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Photo: Tourism and Events Queensland
Photo: Tourism and Events Queensland

Beach full of butterflies: Mackay’s golden trails revealed

"We wander for distraction, but we travel for fulfilment." - Hilaire Belloc

THERE are no flies on this beach, just the constant overhead traffic of butterflies.

Yes, butterflies! They patrol Cape Hillsborough beach in swarms. Not to be swatted at, their tiny ethereal wings cast imposing shadows over a billion confetti-like sand balls that tickle underfoot; the work of equally frenetic crabs at low tide.

Welcome to Cape Hillsborough National Park - nature's melting pot, just 50km north-west of Mackay, where rainforest meets the ocean, and visitors are guaranteed to share the beach with mobs of resident wallabies and kangaroos.

Taking its place as Australia's youngest volcanic region, Cape Hillsborough was formed from a series of eruptions 30 million years ago, when lava flows covered the area, creating the dramatic rhyolite rock and cave formations that book-end Casuarina Bay.

Cape Hillsborough Nature Resort sits on this bay, surrounded by national park on three sides and an expansive stretch of sand literally flecked with gold. Namely, golden flecks of Mica, a natural earth mineral, which, according to ancient legend is best to walk on barefoot for therapeutic powers said to aid arthritis, stiff joints and even headaches.

Photo: Tourism and Events Queensland
Photo: Tourism and Events Queensland

I have no headache to speak of, but my ears do pound, thanks to the constant flutter of butterflies. Approximately 25 different species, including the magnificent Ulysses and swarms of Blue Tigers inhabit the national park.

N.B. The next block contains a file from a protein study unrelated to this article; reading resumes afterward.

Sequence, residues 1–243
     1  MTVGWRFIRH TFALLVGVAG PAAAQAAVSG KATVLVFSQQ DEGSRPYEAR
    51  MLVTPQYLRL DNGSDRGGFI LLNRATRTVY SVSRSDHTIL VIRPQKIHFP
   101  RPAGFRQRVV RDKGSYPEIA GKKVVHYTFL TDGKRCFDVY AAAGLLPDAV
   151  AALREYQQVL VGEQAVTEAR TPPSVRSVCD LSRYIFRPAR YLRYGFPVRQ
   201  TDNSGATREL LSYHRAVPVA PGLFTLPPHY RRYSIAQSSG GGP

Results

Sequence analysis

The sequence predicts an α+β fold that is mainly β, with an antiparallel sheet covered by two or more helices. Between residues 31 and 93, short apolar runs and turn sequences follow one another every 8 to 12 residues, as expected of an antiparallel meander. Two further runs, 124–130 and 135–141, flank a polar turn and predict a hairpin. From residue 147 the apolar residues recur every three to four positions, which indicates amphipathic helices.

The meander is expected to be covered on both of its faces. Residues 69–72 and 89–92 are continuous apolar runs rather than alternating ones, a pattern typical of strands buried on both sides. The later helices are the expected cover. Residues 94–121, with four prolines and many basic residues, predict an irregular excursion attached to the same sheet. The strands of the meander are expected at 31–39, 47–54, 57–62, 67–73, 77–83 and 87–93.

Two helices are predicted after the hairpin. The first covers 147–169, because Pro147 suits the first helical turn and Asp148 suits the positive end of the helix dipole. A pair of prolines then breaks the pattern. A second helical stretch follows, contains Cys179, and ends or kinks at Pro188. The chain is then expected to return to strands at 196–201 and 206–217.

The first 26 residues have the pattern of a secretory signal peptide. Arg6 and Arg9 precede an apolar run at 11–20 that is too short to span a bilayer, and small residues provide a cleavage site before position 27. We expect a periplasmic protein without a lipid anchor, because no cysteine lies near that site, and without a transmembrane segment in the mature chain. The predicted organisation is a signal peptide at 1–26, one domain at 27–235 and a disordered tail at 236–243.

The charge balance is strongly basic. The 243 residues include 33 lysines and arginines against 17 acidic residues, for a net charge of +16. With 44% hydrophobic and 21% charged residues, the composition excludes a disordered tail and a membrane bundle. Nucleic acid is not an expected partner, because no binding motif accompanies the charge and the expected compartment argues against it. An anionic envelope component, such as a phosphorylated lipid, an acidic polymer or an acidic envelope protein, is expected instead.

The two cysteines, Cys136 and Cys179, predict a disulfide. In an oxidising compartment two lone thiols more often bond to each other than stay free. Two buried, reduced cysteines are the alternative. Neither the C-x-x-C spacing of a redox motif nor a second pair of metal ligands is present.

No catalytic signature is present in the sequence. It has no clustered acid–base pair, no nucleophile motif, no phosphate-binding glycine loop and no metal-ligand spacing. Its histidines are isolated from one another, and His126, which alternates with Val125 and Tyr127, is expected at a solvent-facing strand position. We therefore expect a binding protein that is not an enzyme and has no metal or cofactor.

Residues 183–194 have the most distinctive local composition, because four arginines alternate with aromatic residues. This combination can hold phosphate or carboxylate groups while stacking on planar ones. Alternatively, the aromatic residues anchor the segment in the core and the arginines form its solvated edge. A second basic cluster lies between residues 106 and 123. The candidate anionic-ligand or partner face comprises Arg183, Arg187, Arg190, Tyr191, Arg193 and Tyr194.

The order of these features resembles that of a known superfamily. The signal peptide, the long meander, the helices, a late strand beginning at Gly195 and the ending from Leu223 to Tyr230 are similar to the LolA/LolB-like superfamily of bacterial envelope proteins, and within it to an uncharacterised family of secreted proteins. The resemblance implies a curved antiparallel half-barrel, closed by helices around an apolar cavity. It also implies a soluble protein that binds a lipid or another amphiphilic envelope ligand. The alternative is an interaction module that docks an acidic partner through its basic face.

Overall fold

For Park Ranger 005, Brian Kunst, this is Paradise and his workplace rolled into one. The best job in the world, he says.

It's a Sunday, and I'm following his advice to walk the "big four" - a clutch of national park tracks based around Cape Hillsborough Nature Resort.

First on my list is Andrew's Point track. At high tide, this involves a 5.2km return hike or, at low tide, a mere 1.5km stroll, with one leg of the track being the beach. I go for the latter, with the added bonus of being able to access Wedge Island.

Children are already tinkering in rook pools that lead to Wedge Island, an outcrop of volcanic rock, popular for snorkelling and fishing enthusiasts.

Walking on to Andrew's Point lookout, 268 metres above sea level, I pass ancient caves that could shelter members of a ghost bat colony. But it's the butterflies that again stop me in my tracks; colourful kamikazes that hurl themselves into wind streams, Cirque du Soleil-style, dipping and weaving like miniature kite surfers.

Below, something rustles in the bushes: perhaps one of 17 types of skink or maybe a legless lizard or fawn-footed melomys.

It's hard to know where to look on this track. The scenery is mesmerising - a passage through cool remnant rainforest that opens to eucalypt forest along the top of the ridge - matched only by bursts of birdsong, against the throbbing percussion of crickets and cicadas.